Saturday, September 10, 2005

Eat and Release...How To Eat An Animal Without Killing It.


In Florida we have a lot of crabs. We have Blue Crabs, Green Crabs, Calico Crabs, Fiddler Crabs, Shame-Faced Crabs, Porcelain Crabs, Pea Crabs, Wharf Crabs, Mud Crabs,....(pauses for breath)..., Spider Crabs, Coral Crabs, Decorator Crabs, Ghost Crabs, and Stone Crabs, just to name a few.

The pile of claws in the picture are stone crab claws. I gathered these snorkeling a rock jetty. (JETTY = a line of boulders installed to prevent the natural flow of sand along a shoreline. They often increase erosion rather than control it...whole 'nother post)

A little about the personal life of stone crabs. They like stones...that is, they like hard structure to hide in. Hard structure like rocks, pilings, wrecks, etc also provide the appropriate living space for the stone crabs prey. Stone crabs have massive and very powerful claws (chelipeds for you nerds) for crushing and opening clams, oysters, scallops, mussels, and any other bivalves (2-shelled molluscs for you nonnerds) that they encounter.

Like most crabs....probably all crabs, the stone crab starts out as eggs carried under momma's abdomen. She offers great protection until they hatch, at which time they are on their own as planktonic larvae.

As larvae, they drift with the tides and currents and go through a series of molts, becoming more crablike with each molt. After a while the tiny new crab settles down into appropriate habitat and becomes a creeping crawling clawed crusher of clams. (Gotta love alliteration).

In Florida, stone crabs are a high value item that will put a dent in your wallet when you order them off a menu. If you don't mind getting wet, you can gather them yourself...if you don't mind oyster cuts, currents, often murky water, yes....sharks, and really ticked off crabs with bone crushing claws.

Okay, you can just hang a couple of crab traps off the boat and never even get wet, but where's the fun in that? You'll miss out on all that other excitement, but you're still going to have to deal with a ticked off bone crusher... if you're lucky.

When snorkeling for crabs, you prowl around the rocks trying to find a grabbable crab...one that isn't tucked way back in his hidey-hole. Then, you grab both claws at the same time. This is really important. If you only grab one claw, and fail to secure the other, you are going to experience what the clam does. It's going to hurt. Alot.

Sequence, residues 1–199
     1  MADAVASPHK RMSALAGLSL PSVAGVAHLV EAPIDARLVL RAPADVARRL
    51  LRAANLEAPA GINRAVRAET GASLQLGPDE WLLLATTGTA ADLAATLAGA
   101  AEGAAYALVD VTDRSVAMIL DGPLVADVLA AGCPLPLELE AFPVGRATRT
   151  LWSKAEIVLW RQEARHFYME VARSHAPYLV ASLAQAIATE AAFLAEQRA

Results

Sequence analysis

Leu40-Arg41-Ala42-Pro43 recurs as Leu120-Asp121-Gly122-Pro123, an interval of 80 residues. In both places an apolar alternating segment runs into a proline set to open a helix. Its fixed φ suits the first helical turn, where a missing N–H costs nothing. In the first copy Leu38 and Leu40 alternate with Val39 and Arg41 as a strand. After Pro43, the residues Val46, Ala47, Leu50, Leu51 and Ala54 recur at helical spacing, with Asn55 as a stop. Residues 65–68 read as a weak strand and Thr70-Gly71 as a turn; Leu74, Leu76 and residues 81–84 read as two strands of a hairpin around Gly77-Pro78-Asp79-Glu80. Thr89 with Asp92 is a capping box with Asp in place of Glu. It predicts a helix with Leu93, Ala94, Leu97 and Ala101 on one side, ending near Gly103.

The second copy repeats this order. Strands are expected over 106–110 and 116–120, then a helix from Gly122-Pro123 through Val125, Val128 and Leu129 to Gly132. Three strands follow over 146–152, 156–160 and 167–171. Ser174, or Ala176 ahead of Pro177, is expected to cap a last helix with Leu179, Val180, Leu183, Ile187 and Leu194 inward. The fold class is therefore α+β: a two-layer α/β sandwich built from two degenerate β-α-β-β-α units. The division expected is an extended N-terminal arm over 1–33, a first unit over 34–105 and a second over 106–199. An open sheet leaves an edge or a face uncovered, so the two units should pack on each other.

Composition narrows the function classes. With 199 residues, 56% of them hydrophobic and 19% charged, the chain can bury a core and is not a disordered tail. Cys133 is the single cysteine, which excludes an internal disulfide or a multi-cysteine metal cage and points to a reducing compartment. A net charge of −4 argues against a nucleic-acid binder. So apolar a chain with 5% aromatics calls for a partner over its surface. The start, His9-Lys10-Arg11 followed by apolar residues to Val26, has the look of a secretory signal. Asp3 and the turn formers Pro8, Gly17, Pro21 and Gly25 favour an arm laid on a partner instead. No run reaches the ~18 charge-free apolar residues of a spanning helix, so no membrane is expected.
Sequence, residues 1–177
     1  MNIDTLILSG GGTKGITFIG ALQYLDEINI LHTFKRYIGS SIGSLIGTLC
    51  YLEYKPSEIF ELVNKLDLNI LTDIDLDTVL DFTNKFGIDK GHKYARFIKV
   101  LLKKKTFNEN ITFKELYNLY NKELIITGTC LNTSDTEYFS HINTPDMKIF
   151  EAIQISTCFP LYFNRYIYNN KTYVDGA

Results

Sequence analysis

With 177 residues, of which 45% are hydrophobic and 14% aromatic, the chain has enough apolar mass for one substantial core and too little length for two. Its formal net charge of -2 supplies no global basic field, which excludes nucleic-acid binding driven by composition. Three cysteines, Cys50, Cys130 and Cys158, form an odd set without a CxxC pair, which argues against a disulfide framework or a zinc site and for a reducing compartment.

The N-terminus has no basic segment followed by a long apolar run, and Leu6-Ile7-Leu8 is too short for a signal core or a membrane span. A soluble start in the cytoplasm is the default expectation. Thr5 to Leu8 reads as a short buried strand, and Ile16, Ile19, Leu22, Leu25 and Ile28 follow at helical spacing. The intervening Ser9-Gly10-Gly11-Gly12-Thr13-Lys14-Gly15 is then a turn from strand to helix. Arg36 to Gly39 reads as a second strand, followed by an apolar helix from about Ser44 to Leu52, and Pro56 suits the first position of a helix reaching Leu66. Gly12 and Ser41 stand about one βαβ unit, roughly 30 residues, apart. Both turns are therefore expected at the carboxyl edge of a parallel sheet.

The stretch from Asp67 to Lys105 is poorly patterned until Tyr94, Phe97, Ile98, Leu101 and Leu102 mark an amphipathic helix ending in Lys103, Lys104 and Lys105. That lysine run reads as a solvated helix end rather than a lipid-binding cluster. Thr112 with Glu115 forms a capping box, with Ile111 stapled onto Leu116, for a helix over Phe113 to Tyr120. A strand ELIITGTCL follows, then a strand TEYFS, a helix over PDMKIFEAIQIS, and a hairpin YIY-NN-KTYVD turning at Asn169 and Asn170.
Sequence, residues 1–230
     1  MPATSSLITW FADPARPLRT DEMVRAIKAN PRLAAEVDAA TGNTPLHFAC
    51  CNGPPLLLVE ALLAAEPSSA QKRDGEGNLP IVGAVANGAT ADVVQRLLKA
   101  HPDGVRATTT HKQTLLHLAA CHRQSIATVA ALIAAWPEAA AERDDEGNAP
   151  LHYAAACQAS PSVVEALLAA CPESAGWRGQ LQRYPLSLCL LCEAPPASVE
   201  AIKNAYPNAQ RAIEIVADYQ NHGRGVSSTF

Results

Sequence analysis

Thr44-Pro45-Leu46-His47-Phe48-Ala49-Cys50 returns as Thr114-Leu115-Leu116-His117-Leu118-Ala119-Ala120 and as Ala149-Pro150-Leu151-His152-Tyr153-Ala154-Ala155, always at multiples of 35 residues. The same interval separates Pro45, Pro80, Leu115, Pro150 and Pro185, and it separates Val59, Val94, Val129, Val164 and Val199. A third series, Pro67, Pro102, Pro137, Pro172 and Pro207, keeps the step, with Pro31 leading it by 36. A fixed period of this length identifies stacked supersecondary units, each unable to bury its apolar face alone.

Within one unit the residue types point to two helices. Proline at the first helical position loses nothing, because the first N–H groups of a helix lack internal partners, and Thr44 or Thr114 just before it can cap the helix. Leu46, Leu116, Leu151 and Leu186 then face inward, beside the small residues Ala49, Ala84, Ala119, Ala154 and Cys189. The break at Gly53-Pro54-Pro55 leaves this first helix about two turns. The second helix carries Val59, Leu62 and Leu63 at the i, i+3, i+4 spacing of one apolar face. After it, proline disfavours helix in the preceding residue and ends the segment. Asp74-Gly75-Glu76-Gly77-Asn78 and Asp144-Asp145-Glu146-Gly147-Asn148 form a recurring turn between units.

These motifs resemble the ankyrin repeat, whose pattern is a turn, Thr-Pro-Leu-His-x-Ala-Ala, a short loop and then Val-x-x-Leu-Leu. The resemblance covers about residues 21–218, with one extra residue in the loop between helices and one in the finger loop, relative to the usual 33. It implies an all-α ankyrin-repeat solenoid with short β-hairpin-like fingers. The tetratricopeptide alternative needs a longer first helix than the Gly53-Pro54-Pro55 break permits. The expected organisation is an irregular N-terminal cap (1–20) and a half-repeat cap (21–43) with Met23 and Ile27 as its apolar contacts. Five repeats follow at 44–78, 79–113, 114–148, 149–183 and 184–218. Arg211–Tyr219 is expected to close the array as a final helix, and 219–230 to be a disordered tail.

Should you successfully grasp the crab and wrench it from the rocks, you must not relax your control hold or ....it's going to hurt...alot.

Just to keep things rolling, let's say you make it to the surface with a secured crab. You may not kill the crab. If you do, you have broken the law and wasted the crab's life. There's just no meat worth eating in the body, it's the claws that are loaded with tastey meat.

You can only take the claws, so grasping a claw securely, you twist downward and POP! The claw cleanly separates at the joint where it met the body of the crab. The twisting stimulated the crab's survival tactic of self-amputation...pretty handy when an octopus has your leg.

The claw or claws (I like to leave the smaller one) goes in the cooler, the crab goes back to his hide-hole.

The crab will regenerate a new claw through successive molts. The new claw will be small at first, but each molt will reveal a larger claw until finally the claw is full size again. How long this takes depends on habitat conditions, crabs grow faster and molt more often under good conditions.

My wife would eat stone crab over any other seafood if given a choice and I have to agree, they are pretty good.

I racked my brain and tried to think of any other animal that compares to the stone crab...meaning what other animals donate an actual body part (eggs don't count) for us to eat, while still getting to live?